About 5% of resident bottlenose dolphins in Sarasota Bay bear scars from having been struck by boat propellers. While many people consider dolphins to be too quick and nimble to be struck by boats, this is clearly not the case. For my Master’s thesis, I evaluated the spatial and temporal distribution patterns of recreational boating and bottlenose dolphins in Sarasota Bay to investigate some of the factors that might lead to boat strikes.
Analyses were conducted in a geographic information system (GIS) based on two previously compiled datasets. The first depicts recreational boating patterns based on 1,973 digitized travel routes, totaling more than 30,000 km in length and 1,552 destinations from map-based mail surveys conducted in 2003 and 2005 by the Florida Sea Grant Boating and Waterway Planning Program at the University of Florida. The second dataset consists of monthly, boat-based, bottlenose dolphin photographic identification surveys completed during 2002-2006 by the Sarasota Dolphin Research Program. The dataset includes 1,656 dolphin sighting locations, representing 5,227 dolphins, and 20,006 km of survey boat travel routes. Relative abundance, encounter rate and concentration of dolphins and boating activities were calculated and compared for 4 seasons, 3 depth categories, and 6 habitat types to determine which seasons and areas have a high relative risk of co-occurrence that may lead to injury or disturbance.
Boating activity was highly seasonal, reaching its peak among sampled boaters (primarily Florida residents) during May-July, and dolphin abundance within my subsection of the SDRP study area was highest during August-October. Dolphin concentration was greatest in 1-2.7 m depths and boating concentration was greatest in depths >2.7 m during all seasons. Dolphin concentration was greatest in the habitat “Pass” in all seasons except during May-July, when boating activity peaks, and was also most highly concentrated in the habitat “Pass.” Location Quotient Analyses were performed to evaluate concentration levels in each depth category and habitat type relative to the entire study area. Dolphin concentrations were higher than expected in depths 1-2.7 m and >2.7 m and in “Channels” and “Passes.” Boating concentrations were higher than expected in depths >2.7 m and in “Passes,” “Channels,” and “Open Bay.” Dolphin locations were concentrated in areas where recreational boats follow predictable routes. Also, “Passes” and “Channels” constitute areas where boaters are less likely to engage in other activities than at other habitats (i.e., “Sandflat”), thus, dolphins may quickly resume their activities once a vessel has navigated through rather than enduring its presence for a long time. The results from the present study could be of use in the development of management strategies and educational programs.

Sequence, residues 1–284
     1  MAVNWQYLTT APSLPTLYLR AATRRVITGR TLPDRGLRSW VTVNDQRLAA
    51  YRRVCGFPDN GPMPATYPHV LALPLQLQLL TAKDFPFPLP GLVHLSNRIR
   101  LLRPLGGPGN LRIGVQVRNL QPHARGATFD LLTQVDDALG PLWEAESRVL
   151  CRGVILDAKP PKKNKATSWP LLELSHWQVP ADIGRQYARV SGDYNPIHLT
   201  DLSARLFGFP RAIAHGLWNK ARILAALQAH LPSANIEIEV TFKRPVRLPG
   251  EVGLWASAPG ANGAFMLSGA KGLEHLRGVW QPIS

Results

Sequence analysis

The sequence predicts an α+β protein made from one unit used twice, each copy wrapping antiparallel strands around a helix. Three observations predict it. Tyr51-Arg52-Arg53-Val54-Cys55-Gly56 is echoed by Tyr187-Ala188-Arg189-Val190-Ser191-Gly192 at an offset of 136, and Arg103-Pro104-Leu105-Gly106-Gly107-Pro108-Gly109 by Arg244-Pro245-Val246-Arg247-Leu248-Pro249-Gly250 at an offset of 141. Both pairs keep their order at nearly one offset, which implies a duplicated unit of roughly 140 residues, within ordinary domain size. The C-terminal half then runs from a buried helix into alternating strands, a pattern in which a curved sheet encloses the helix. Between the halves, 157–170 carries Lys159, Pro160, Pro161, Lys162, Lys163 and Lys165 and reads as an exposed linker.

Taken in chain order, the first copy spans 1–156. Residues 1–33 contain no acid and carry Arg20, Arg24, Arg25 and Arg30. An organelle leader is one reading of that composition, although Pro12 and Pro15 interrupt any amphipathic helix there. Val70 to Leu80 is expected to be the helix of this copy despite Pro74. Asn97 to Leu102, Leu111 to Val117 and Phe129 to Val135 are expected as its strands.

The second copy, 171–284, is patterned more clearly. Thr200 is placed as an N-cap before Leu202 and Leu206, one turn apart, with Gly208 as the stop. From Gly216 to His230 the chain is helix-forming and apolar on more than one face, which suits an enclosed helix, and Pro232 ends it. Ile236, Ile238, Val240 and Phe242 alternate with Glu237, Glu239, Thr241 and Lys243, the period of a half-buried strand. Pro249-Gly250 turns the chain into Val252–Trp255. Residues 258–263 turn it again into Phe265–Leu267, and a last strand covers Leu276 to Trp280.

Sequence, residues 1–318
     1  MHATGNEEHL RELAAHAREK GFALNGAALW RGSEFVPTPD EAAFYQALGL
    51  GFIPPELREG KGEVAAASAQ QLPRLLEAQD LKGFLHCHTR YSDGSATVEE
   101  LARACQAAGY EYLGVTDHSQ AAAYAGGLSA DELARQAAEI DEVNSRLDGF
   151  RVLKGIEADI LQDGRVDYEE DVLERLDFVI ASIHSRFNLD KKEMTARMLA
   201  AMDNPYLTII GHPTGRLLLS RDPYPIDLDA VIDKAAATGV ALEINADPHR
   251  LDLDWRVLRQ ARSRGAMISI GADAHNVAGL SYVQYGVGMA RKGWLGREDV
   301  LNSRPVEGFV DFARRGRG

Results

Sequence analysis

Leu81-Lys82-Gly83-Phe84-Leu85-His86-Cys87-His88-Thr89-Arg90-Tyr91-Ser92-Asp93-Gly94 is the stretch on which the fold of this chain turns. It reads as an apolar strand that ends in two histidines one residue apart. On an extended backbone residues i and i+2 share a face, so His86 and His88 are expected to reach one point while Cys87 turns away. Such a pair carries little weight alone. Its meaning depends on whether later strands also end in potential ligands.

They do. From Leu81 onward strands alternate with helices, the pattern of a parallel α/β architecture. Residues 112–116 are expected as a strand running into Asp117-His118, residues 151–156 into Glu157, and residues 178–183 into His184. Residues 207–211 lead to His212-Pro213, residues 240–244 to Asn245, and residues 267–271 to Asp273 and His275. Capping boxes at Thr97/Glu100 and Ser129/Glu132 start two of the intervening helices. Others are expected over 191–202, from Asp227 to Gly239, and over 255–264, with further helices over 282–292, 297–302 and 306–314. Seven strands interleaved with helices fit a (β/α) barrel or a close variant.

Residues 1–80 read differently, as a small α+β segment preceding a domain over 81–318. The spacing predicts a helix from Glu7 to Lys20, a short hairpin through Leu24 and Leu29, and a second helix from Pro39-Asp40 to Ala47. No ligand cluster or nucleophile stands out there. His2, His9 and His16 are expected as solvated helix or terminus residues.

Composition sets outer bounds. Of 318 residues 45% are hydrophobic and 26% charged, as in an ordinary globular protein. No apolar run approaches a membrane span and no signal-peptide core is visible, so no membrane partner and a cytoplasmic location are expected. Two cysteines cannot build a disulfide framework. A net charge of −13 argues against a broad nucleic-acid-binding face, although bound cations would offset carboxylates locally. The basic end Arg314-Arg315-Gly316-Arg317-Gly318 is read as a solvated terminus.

This article appeared on page 6 of the 2017 SDRP Annual Report, Nicks n Notches.